Jerry Carrigan, one of Nashville’s most-recorded drummers, remembers his major country music sessions and his time in the primary rhythm section at FAME Studios in Muscle Shoals, Alabama, during this interview at the Country Music Hall of Fame and Museum, held February 21, 2009, as part of the Nashville Cats series.
Born in 1943 in Florence, Alabama, Carrigan played drums from a young age, first recording in Nashville at age thirteen before forming bands in high school. He grew up listening to 1950s R&B, including Fats Domino, Smiley Lewis, Little Richard, and Larry Williams. Carrigan says that he was also a fan of country songs—he cites Hank Garland’s instrumental “Sugarfoot Rag” as a vinyl 45-rpm that he “wore out.” As a drummer, his influences included Buddy Harman (“He was on about everything I listened to,” Carrigan says) and New Orleans great Earl Palmer.
Carrigan’s reputation achieved national recognition as part of the well-regarded Muscle Shoals rhythm section, which included bassist Norbert Putnam and keyboardist David Briggs. They formed the first of the important session groups in Muscle Shoals, working at FAME Studios. Carrigan played on many hit R&B, pop, and rock sessions before he relocated to Nashville. The program includes audio examples of Carrigan’s early work, including recordings by Arthur Alexander, Jimmy Hughes, and Tommy Roe.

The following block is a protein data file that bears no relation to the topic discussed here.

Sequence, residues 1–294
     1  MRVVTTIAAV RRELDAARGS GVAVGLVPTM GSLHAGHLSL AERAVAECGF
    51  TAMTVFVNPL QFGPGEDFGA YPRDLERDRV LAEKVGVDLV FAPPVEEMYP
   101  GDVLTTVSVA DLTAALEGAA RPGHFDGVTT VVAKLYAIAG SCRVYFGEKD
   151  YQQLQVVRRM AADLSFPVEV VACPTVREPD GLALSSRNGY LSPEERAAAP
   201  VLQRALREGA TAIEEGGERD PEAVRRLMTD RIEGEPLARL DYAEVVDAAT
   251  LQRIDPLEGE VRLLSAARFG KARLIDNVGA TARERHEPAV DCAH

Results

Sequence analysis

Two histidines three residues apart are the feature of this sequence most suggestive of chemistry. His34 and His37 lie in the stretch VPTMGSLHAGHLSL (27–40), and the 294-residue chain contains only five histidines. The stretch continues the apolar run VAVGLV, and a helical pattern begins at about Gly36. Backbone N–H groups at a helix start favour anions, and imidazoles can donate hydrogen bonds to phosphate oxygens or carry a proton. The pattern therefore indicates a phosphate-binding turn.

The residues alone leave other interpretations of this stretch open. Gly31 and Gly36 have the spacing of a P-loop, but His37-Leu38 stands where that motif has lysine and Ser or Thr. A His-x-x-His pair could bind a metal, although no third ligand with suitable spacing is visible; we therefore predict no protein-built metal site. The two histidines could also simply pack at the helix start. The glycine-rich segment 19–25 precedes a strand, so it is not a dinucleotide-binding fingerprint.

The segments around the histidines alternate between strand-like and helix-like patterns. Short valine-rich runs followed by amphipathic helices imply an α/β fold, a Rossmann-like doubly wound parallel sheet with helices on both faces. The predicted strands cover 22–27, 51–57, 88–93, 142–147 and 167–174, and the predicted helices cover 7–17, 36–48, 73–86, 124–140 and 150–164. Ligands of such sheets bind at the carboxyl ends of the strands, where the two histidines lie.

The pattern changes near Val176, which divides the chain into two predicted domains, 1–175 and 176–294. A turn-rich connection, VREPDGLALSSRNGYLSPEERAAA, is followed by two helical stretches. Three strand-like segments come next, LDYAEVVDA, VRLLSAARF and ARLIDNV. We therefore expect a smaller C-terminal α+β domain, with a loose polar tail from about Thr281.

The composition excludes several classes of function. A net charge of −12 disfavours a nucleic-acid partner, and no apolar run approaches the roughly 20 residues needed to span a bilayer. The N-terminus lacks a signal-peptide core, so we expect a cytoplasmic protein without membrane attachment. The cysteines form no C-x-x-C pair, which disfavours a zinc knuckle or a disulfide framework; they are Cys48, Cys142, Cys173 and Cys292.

In Nashville, Jerry Carrigan became a first-call session drummer and one of country music’s most prolific and important session players from the 1960s to the 1990s. In addition to his work with Elvis Presley in the early 1970s, Carrigan’s drumming can be heard on such classic hits as Waylon Jennings’s “Only Daddy That’ll Walk the Line,” George Jones’s “He Stopped Loving Her Today,” Jerry Lee Lewis’s “Middle Aged Crazy,” Jerry Reed’s “When You’re Hot, You’re Hot,” Charlie Rich’s “Behind Closed Doors,” Kenny Rogers’s “The Gambler,” and Tony Joe White’s “Polk Salad Annie.”
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